Soup Hints and Tips
by Amy Hunt
Making homemade soup can be as easy or difficult as you choose to make it; for me the easier the better. The following tips on soup making come from the Home Cooking section at about.com. I took special note on adding a potato to cure over salted soup (I can get carried away).
• The best soups are made with a base of homemade stock and fresh ingredients. Obviously this can be a time-consuming endeavor. You can reduce your time in the kitchen by using canned or frozen broths or bouillon bases. Even so, plan on taking your time with a good soup or stew.
• Fresh ingredients are best, but some canned or frozen vegetables will work well, such as peas, green beans and corn.
• A hot soup will help recondition the palate between meal courses or after consumption of alcholic beverages.
• Ideally, cold soups should be served in chilled dishes.
• If the soup is not intended as the main course, you can count on one quart to serve six; as a main dish, plan on two servings per quart.
• Since liquids boil at a lower temperature at high altitudes, you may need to extend recipe cooking times at altitudes above 2500 feet.
• To reduce the fat content, make the soup the day before, chill and scrape off the fat that rises to the top. If you don't have time to chill the soup, use an unprinted paper towel to soak up oil from the surface.
• Savory soups and stews always taste better if made a day or two in advance and reheated just before serving.
• Check seasonings of cold soups just before serving as chilled foods tend to dull the taste buds and will need more seasoning than hot soups.
• If your hot soup ends up slightly salty, add a whole, peeled potato to the soup and simmer for about 15 minutes to absorb salt. Remove the potato and serve. (Save the potato for the cook's treat!)
• Be aware that herbs will have a more intense flavor if added at the end of the long cooking process.
• Wine is a great flavor addition to soups and stews. When using wine or alcohol in soup, use less salt as the wine tends to intensify saltiness. Wine should be added at a ratio of no more than 1/4 cup of wine to 1 quart of soup.
Other helpful soup tips from Growlies for Groups:
- To make meat or some vegetable stocks, roast the vegetables and or bones in some olive oil in an open pan in the oven, and then add all of them and the roasting pan bits to the broth along with some fresh herbs and spices. Simmer, then stain out the chunks before using the broth to make the rest of the soup.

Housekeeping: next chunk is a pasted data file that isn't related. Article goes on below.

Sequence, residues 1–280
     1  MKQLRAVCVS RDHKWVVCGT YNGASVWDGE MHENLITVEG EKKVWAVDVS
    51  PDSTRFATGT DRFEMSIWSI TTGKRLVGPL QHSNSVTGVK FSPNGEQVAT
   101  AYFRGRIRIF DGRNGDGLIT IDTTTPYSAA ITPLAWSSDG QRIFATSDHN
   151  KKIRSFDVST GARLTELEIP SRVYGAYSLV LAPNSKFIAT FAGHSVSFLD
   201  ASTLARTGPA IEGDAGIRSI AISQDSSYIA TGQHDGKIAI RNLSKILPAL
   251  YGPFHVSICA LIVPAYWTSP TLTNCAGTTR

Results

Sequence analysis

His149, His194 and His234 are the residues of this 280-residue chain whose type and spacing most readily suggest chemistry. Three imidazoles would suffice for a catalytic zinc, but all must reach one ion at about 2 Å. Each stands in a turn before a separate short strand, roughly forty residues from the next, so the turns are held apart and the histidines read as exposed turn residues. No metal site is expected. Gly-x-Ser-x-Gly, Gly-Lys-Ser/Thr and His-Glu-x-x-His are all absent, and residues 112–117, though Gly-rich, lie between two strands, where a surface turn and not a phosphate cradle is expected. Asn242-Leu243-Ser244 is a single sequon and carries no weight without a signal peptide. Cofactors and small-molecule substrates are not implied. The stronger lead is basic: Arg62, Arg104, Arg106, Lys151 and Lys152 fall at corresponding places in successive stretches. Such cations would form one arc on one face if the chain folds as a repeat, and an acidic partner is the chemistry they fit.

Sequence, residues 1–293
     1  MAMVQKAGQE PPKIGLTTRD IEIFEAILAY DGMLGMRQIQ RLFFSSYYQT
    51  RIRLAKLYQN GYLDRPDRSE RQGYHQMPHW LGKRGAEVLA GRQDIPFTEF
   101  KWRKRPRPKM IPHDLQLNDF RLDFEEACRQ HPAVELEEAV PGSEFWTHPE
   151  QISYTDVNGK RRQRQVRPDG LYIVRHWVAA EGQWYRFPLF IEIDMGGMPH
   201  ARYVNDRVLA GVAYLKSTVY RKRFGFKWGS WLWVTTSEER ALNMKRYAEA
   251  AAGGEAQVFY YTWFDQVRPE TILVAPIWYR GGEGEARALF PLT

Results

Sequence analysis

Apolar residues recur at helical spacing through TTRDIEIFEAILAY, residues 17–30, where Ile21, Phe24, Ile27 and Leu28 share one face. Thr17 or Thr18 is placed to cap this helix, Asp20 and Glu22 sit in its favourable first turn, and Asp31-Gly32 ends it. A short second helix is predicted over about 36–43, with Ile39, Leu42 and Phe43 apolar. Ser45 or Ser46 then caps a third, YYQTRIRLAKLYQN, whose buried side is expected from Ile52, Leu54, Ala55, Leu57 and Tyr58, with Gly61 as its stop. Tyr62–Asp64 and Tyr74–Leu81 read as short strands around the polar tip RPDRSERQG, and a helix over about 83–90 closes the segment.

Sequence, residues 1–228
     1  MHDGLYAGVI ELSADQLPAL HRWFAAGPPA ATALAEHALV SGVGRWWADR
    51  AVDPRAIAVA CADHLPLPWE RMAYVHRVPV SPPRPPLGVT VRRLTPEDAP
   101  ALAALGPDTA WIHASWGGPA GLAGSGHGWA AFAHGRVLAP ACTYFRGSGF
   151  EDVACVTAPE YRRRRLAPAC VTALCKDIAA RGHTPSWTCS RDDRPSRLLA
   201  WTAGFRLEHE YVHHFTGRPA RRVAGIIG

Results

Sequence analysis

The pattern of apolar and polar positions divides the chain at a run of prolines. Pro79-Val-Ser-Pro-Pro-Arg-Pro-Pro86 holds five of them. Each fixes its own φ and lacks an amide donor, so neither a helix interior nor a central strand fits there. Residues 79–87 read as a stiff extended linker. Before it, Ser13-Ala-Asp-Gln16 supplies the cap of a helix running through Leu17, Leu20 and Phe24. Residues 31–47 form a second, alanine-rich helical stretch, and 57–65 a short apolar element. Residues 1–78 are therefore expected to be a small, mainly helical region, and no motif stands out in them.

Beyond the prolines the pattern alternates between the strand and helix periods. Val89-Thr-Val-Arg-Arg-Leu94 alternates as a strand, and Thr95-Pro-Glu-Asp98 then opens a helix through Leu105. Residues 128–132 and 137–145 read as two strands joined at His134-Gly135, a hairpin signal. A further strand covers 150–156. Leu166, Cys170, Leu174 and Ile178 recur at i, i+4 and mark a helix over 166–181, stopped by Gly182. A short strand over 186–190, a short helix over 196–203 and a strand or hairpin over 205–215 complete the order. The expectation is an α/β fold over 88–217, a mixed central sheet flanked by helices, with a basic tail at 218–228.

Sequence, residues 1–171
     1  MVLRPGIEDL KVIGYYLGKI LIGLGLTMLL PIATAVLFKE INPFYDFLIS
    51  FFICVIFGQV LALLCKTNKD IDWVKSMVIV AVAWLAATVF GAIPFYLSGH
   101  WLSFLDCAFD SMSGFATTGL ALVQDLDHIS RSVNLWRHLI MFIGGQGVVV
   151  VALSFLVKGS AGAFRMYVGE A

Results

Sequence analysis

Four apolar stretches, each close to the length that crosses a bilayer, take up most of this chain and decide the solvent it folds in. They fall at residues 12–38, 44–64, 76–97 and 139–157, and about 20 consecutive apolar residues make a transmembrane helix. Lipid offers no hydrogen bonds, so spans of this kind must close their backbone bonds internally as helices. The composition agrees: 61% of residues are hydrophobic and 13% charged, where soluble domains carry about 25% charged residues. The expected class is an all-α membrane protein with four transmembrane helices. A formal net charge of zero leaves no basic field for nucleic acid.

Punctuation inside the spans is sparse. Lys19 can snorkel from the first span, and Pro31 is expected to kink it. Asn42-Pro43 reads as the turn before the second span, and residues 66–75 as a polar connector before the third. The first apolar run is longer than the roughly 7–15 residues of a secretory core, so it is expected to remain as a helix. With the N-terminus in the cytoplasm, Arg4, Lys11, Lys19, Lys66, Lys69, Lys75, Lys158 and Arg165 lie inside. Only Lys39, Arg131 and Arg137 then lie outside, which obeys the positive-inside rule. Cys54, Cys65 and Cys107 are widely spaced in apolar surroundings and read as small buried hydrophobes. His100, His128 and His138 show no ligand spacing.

- Fresh chopped parsley added in the last few minutes of cooking adds a wonderful fresh flavor to soups and stews.
- Precook your pasta before adding it to the soup. It doesn't bring all the starch with it and can be added last so it doesn't get overcooked. You can even use leftover pasta that you have stored in the fridge.
- Add the vegetables to your soup in the order of the time it takes to cook them. Carrots, onions and potatoes first, zucchini, fresh corn frozen peas, etc. during the last 10 minutes.
- Try making soups with 'everything' in them, potatoes, barley, beans, lentils, rice, pasta, an d lots of veggies too. (Barley needs about 1 1/2 hr. to cook)
- To make a cream soup without all the cream, for each qt. of cold water add 1/2 can of evaporated milk and approx. 2 c. of powdered milk. Do not boil; cook this type of soup in a double boiler.
- Don't forget a dash or garlic, this is the 'vanilla' of soup making.
- A pinch of red pepper flakes makes a wonderful addition to most soups.
- Freeze your soups in serving size jars, pails etc. to be ready as needed.
- To make a good base for your soup, you can use any of the following: canned soups, such as tomato or mushroom or cream of chicken canned tomatoes or tomato juice, canned chicken broth, homemade stocks, commercial soup bases, oxo type cubes or powders, the addition of some bacon, clam or seafood broth
* DVO welcomes your kitchen hints and cooking or nutrition questions! Email us and we'll post your hints and Q/A's in upcoming newsletters! *